"COVID-19, you always want to know so you are not spreading it within the home and the classroom, so it's important to test for," said Dr. Eve Meltzer Krief of Huntington Village Pediatrics.

Dr. Chid Iloabachie, an associate chair of emergency medicine at Long Island Jewish Valley Stream, said there are specific treatments that target the flu virus and COVID-19, which is caused by the SARS CoV-2 virus. For example, Tamiflu can be prescribed for people with influenza A and B within the first 48 hours of the illness and Paxlovid for those in the early days of a COVID-19 infection.

“We have various treatments that can be initiated right at the time of the first symptoms and can really help decrease the course of the illness or even prevent you from being hospitalized,” Iloabachie said.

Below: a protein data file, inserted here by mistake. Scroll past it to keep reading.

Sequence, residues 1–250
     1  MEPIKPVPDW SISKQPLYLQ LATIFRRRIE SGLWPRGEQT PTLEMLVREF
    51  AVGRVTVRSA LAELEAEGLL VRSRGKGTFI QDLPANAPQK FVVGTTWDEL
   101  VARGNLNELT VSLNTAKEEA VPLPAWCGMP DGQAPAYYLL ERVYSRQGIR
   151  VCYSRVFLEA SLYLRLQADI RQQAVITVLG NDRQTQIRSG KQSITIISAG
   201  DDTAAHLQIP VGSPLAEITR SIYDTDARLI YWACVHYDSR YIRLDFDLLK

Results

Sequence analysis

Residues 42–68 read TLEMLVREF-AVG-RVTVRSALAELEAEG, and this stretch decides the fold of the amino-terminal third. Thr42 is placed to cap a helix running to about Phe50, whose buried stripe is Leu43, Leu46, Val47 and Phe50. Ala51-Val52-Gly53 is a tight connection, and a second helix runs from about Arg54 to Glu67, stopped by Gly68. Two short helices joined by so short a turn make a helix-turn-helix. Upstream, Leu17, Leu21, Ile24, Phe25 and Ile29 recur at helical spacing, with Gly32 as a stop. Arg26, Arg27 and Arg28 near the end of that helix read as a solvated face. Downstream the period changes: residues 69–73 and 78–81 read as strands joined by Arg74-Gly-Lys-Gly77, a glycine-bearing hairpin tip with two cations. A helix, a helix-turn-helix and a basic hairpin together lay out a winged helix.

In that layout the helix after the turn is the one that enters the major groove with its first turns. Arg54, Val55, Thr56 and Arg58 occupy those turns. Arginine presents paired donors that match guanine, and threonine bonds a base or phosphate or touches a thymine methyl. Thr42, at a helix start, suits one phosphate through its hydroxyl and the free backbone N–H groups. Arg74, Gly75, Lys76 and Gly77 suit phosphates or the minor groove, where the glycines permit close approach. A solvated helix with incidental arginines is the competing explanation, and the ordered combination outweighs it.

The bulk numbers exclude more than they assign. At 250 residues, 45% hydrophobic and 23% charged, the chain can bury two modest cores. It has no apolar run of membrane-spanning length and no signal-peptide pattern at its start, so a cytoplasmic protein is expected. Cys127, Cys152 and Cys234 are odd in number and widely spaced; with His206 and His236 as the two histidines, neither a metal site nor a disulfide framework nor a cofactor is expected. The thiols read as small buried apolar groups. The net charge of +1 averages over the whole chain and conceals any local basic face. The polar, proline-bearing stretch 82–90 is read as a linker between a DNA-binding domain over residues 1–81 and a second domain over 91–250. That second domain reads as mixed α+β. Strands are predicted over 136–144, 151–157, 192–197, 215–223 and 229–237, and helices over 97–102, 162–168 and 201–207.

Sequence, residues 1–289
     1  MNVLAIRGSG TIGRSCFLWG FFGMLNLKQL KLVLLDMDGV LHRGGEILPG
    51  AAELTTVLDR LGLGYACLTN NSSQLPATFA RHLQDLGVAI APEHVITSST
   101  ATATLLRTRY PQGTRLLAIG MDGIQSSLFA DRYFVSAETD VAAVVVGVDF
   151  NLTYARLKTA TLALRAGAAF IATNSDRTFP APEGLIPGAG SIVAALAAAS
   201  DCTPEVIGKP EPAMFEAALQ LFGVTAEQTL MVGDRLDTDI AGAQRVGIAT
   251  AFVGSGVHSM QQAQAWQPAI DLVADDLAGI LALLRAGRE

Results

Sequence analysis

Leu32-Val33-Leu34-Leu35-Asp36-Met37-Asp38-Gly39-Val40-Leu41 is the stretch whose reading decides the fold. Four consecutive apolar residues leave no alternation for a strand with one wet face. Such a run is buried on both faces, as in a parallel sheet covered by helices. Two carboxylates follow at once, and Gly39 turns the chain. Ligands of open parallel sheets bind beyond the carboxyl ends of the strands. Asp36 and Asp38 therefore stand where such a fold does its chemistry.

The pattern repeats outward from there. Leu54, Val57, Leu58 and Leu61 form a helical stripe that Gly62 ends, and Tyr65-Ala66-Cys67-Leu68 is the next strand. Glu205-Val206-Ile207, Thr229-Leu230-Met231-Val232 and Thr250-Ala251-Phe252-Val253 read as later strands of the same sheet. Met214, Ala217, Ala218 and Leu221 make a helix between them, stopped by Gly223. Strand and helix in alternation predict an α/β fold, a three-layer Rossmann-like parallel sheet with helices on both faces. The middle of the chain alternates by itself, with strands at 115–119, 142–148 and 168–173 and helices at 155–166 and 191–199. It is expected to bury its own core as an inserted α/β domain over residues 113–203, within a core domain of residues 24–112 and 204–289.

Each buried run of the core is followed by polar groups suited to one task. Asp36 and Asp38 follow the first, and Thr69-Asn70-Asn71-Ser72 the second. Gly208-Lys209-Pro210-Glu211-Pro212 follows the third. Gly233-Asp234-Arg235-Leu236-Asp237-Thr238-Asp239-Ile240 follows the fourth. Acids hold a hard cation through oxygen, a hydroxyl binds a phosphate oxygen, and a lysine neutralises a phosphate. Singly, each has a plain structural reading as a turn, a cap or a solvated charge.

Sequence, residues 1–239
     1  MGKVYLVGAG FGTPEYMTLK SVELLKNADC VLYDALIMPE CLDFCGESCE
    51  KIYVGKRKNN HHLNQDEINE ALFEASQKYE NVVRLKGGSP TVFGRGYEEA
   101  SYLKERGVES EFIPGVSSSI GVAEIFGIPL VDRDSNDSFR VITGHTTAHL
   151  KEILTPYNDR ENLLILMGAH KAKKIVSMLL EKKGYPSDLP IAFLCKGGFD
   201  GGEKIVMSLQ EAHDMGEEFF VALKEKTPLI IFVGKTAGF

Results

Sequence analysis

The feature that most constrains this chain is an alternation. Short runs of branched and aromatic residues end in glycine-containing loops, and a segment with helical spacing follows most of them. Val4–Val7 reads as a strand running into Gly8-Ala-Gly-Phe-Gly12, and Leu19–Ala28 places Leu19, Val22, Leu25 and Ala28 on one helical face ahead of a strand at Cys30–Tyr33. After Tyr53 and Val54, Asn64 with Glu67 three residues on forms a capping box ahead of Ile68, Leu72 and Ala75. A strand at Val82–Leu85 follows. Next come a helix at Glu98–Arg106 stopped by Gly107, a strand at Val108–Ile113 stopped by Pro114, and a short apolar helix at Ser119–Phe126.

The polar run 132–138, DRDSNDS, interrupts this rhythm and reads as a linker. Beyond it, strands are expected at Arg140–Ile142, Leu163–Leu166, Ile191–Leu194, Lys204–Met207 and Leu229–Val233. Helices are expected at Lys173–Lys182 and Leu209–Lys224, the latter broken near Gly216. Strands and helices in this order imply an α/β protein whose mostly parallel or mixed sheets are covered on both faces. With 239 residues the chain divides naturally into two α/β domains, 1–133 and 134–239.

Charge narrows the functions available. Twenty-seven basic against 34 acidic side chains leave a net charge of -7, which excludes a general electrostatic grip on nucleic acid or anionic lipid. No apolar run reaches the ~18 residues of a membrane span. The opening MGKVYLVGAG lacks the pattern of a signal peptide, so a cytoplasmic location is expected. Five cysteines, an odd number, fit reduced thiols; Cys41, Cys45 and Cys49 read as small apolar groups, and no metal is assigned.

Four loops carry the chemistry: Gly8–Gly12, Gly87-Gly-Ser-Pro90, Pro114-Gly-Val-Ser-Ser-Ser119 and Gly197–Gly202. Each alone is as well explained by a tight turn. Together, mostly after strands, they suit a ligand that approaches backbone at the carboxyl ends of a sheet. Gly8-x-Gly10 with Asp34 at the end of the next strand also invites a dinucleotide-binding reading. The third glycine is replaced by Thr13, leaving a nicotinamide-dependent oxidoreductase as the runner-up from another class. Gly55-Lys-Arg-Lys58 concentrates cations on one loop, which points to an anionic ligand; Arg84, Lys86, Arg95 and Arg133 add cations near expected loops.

In some cases, doctors might decide to take a sample and ask the laboratory to run a viral panel to see if an individual has one of a number of other respiratory viruses, including RSV. But Meltzer Krief pointed out that kind of testing is not usually needed. Most children will only get a cold from RSV and there is no specific medicine to treat it. Those who develop more serious symptoms from RSV - usually babies and young children - can receive special treatments at the hospital.

Q: My child is sick but should I take them to the doctor?

A: Parents might want to start by giving them a home COVID-19 test and contacting their doctor if they have a positive result. Whether or not they need to see a doctor, however, depends on how serious their symptoms are, Meltzer Krief said.